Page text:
May 24, 2018, 12:19 pm
Facebook iconTwitter iconYouTube iconGoogle+ icon
1 Philippine Peso = 0.07022 UAE Dirham
1 Philippine Peso = 2.04971 Albanian Lek
1 Philippine Peso = 0.03427 Neth Antilles Guilder
1 Philippine Peso = 0.46553 Argentine Peso
1 Philippine Peso = 0.02521 Australian Dollar
1 Philippine Peso = 0.03403 Aruba Florin
1 Philippine Peso = 0.03824 Barbados Dollar
1 Philippine Peso = 1.6174 Bangladesh Taka
1 Philippine Peso = 0.0318 Bulgarian Lev
1 Philippine Peso = 0.00722 Bahraini Dinar
1 Philippine Peso = 33.47954 Burundi Franc
1 Philippine Peso = 0.01912 Bermuda Dollar
1 Philippine Peso = 0.02536 Brunei Dollar
1 Philippine Peso = 0.13117 Bolivian Boliviano
1 Philippine Peso = 0.07028 Brazilian Real
1 Philippine Peso = 0.01912 Bahamian Dollar
1 Philippine Peso = 1.30067 Bhutan Ngultrum
1 Philippine Peso = 0.19226 Botswana Pula
1 Philippine Peso = 382.79159 Belarus Ruble
1 Philippine Peso = 0.0382 Belize Dollar
1 Philippine Peso = 0.02445 Canadian Dollar
1 Philippine Peso = 0.01907 Swiss Franc
1 Philippine Peso = 12.17151 Chilean Peso
1 Philippine Peso = 0.12202 Chinese Yuan
1 Philippine Peso = 54.9522 Colombian Peso
1 Philippine Peso = 10.70612 Costa Rica Colon
1 Philippine Peso = 0.01912 Cuban Peso
1 Philippine Peso = 1.78834 Cape Verde Escudo
1 Philippine Peso = 0.41644 Czech Koruna
1 Philippine Peso = 3.3891 Djibouti Franc
1 Philippine Peso = 0.12076 Danish Krone
1 Philippine Peso = 0.94646 Dominican Peso
1 Philippine Peso = 2.21398 Algerian Dinar
1 Philippine Peso = 0.25367 Estonian Kroon
1 Philippine Peso = 0.34149 Egyptian Pound
1 Philippine Peso = 0.52008 Ethiopian Birr
1 Philippine Peso = 0.01621 Euro
1 Philippine Peso = 0.03927 Fiji Dollar
1 Philippine Peso = 0.01423 Falkland Islands Pound
1 Philippine Peso = 0.01423 British Pound
1 Philippine Peso = 0.08859 Ghanaian Cedi
1 Philippine Peso = 0.89503 Gambian Dalasi
1 Philippine Peso = 172.06501 Guinea Franc
1 Philippine Peso = 0.14027 Guatemala Quetzal
1 Philippine Peso = 3.93289 Guyana Dollar
1 Philippine Peso = 0.15004 Hong Kong Dollar
1 Philippine Peso = 0.45428 Honduras Lempira
1 Philippine Peso = 0.11999 Croatian Kuna
1 Philippine Peso = 1.19751 Haiti Gourde
1 Philippine Peso = 5.1499 Hungarian Forint
1 Philippine Peso = 271.08987 Indonesian Rupiah
1 Philippine Peso = 0.06827 Israeli Shekel
1 Philippine Peso = 1.30228 Indian Rupee
1 Philippine Peso = 22.63862 Iraqi Dinar
1 Philippine Peso = 804.0153 Iran Rial
1 Philippine Peso = 1.99809 Iceland Krona
1 Philippine Peso = 2.38145 Jamaican Dollar
1 Philippine Peso = 0.0135 Jordanian Dinar
1 Philippine Peso = 2.12293 Japanese Yen
1 Philippine Peso = 1.91587 Kenyan Shilling
1 Philippine Peso = 1.30863 Kyrgyzstan Som
1 Philippine Peso = 77.2065 Cambodia Riel
1 Philippine Peso = 7.91109 Comoros Franc
1 Philippine Peso = 17.20841 North Korean Won
1 Philippine Peso = 20.57725 Korean Won
1 Philippine Peso = 0.00577 Kuwaiti Dinar
1 Philippine Peso = 0.01568 Cayman Islands Dollar
1 Philippine Peso = 6.29369 Kazakhstan Tenge
1 Philippine Peso = 159.08222 Lao Kip
1 Philippine Peso = 28.77629 Lebanese Pound
1 Philippine Peso = 3.0153 Sri Lanka Rupee
1 Philippine Peso = 2.55793 Liberian Dollar
1 Philippine Peso = 0.24207 Lesotho Loti
1 Philippine Peso = 0.05829 Lithuanian Lita
1 Philippine Peso = 0.01187 Latvian Lat
1 Philippine Peso = 0.02595 Libyan Dinar
1 Philippine Peso = 0.18017 Moroccan Dirham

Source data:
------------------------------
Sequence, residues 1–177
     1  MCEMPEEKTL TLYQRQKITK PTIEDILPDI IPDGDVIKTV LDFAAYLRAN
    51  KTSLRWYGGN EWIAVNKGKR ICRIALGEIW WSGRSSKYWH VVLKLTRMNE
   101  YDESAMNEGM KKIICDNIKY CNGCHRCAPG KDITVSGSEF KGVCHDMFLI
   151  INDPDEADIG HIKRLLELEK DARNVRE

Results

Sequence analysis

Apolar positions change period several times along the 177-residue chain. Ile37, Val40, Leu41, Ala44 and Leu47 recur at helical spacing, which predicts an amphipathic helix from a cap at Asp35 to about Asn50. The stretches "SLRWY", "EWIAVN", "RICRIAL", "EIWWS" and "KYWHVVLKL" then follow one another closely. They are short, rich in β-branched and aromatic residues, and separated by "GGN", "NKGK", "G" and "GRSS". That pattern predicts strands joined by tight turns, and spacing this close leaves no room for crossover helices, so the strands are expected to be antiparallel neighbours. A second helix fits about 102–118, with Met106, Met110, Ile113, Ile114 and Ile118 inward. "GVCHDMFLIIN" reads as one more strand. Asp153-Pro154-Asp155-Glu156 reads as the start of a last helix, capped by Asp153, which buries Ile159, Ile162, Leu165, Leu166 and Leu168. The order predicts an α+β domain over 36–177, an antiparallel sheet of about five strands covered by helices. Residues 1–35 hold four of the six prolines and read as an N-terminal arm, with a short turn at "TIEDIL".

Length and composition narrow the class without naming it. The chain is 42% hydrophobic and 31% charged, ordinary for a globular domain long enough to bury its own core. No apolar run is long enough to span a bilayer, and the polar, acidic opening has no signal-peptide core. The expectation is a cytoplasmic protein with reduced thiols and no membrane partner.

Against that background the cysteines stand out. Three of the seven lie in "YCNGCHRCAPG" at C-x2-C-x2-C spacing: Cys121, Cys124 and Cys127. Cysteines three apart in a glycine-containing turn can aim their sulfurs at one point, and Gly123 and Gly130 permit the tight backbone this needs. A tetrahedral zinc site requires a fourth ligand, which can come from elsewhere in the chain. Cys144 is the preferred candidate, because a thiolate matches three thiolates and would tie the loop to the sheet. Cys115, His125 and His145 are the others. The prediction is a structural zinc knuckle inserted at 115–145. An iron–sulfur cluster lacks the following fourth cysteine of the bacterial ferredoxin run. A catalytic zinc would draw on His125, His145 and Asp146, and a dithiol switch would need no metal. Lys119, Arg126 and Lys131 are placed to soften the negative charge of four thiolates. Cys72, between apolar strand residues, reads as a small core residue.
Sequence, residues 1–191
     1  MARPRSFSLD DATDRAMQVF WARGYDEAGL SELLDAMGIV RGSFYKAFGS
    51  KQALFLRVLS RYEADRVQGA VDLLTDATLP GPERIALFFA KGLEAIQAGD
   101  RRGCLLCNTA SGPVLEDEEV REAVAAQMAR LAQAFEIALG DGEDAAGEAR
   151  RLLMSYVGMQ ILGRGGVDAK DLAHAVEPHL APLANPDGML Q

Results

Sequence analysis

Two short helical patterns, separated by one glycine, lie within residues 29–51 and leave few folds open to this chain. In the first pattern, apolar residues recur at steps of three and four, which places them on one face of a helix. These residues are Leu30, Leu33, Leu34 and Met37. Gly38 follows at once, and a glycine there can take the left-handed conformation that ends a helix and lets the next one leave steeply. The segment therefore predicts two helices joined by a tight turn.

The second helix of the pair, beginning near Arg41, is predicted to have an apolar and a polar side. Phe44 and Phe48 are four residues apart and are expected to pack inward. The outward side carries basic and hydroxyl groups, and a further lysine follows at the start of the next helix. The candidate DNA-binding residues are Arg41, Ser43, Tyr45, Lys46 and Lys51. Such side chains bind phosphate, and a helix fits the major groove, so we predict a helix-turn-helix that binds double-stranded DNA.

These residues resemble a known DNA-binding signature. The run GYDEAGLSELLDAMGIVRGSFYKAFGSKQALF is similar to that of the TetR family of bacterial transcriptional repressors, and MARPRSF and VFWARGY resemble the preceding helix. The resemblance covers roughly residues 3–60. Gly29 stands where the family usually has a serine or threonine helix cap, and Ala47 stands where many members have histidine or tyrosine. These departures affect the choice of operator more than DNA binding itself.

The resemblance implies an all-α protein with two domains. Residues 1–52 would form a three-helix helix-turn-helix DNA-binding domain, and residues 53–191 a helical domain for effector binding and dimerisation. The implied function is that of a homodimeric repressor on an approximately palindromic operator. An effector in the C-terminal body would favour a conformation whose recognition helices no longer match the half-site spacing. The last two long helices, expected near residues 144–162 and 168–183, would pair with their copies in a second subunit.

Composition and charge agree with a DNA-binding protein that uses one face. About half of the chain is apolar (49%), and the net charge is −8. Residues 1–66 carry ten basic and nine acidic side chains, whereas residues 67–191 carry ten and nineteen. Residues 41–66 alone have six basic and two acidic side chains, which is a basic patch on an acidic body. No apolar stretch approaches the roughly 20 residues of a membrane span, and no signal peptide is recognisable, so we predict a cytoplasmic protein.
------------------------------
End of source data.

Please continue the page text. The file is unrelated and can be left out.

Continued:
1 Philippine Peso = 0.31807 Moldovan Leu
1 Philippine Peso = 0.99293 Macedonian Denar
1 Philippine Peso = 25.85086 Myanmar Kyat
1 Philippine Peso = 45.83174 Mongolian Tugrik
1 Philippine Peso = 0.15455 Macau Pataca
1 Philippine Peso = 6.76864 Mauritania Ougulya
1 Philippine Peso = 0.65679 Mauritius Rupee
1 Philippine Peso = 0.29771 Maldives Rufiyaa
1 Philippine Peso = 13.64149 Malawi Kwacha
1 Philippine Peso = 0.37878 Mexican Peso
1 Philippine Peso = 0.07606 Malaysian Ringgit
1 Philippine Peso = 0.24208 Namibian Dollar
1 Philippine Peso = 6.88337 Nigerian Naira
1 Philippine Peso = 0.59598 Nicaragua Cordoba
1 Philippine Peso = 0.15388 Norwegian Krone
1 Philippine Peso = 2.08185 Nepalese Rupee
1 Philippine Peso = 0.02752 New Zealand Dollar
1 Philippine Peso = 0.00735 Omani Rial
1 Philippine Peso = 0.01912 Panama Balboa
1 Philippine Peso = 0.0627 Peruvian Nuevo Sol
1 Philippine Peso = 0.06117 Papua New Guinea Kina
1 Philippine Peso = 1 Philippine Peso
1 Philippine Peso = 2.20841 Pakistani Rupee
1 Philippine Peso = 0.06955 Polish Zloty
1 Philippine Peso = 107.60994 Paraguayan Guarani
1 Philippine Peso = 0.06959 Qatar Rial
1 Philippine Peso = 0.07495 Romanian New Leu
1 Philippine Peso = 1.17737 Russian Rouble
1 Philippine Peso = 16.18375 Rwanda Franc
1 Philippine Peso = 0.0717 Saudi Arabian Riyal
1 Philippine Peso = 0.15039 Solomon Islands Dollar
1 Philippine Peso = 0.26023 Seychelles Rupee
1 Philippine Peso = 0.34331 Sudanese Pound
1 Philippine Peso = 0.16581 Swedish Krona
1 Philippine Peso = 0.02562 Singapore Dollar
1 Philippine Peso = 0.01424 St Helena Pound
1 Philippine Peso = 0.42459 Slovak Koruna
1 Philippine Peso = 149.13958 Sierra Leone Leone
1 Philippine Peso = 10.7457 Somali Shilling
1 Philippine Peso = 397.36138 Sao Tome Dobra
1 Philippine Peso = 0.1673 El Salvador Colon
1 Philippine Peso = 9.84665 Syrian Pound
1 Philippine Peso = 0.24215 Swaziland Lilageni
1 Philippine Peso = 0.61434 Thai Baht
1 Philippine Peso = 0.04906 Tunisian Dinar
1 Philippine Peso = 0.04426 Tongan paʻanga
1 Philippine Peso = 0.08746 Turkish Lira
1 Philippine Peso = 0.12714 Trinidad Tobago Dollar
1 Philippine Peso = 0.57119 Taiwan Dollar
1 Philippine Peso = 43.51816 Tanzanian Shilling
1 Philippine Peso = 0.49847 Ukraine Hryvnia
1 Philippine Peso = 71.12811 Ugandan Shilling
1 Philippine Peso = 0.01912 United States Dollar
1 Philippine Peso = 0.59981 Uruguayan New Peso
1 Philippine Peso = 152.58126 Uzbekistan Sum
1 Philippine Peso = 1501.96941 Venezuelan Bolivar
1 Philippine Peso = 435.35373 Vietnam Dong
1 Philippine Peso = 2.08088 Vanuatu Vatu
1 Philippine Peso = 0.0494 Samoa Tala
1 Philippine Peso = 10.62849 CFA Franc (BEAC)
1 Philippine Peso = 0.05163 East Caribbean Dollar
1 Philippine Peso = 10.62849 CFA Franc (BCEAO)
1 Philippine Peso = 1.92218 Pacific Franc
1 Philippine Peso = 4.7782 Yemen Riyal
1 Philippine Peso = 0.24216 South African Rand
1 Philippine Peso = 99.22562 Zambian Kwacha
1 Philippine Peso = 6.91969 Zimbabwe dollar

Phaseout of jeepneys

I SUPPOSE the phaseout of jeepneys that are 15 years old or older has already started. The government decreed that they should be removed from the streets starting this month as part of its transport modernization program. 
President Rodrigo Roa Duterte aka Digong admonished the Pinagkaisang Samahan ng mga Tsuper at Opereytor Nationwide (Piston) for opposing the program with the warning that “come January 1, if I see an unregistered jeepney, old ones, I will have it towed in front of you. If you want disarray, I have lots of policemen.” 
“There is a time for friendship and there is a time to be reasonable and there is a time for reconciliation and a time for hatred,” Digong said.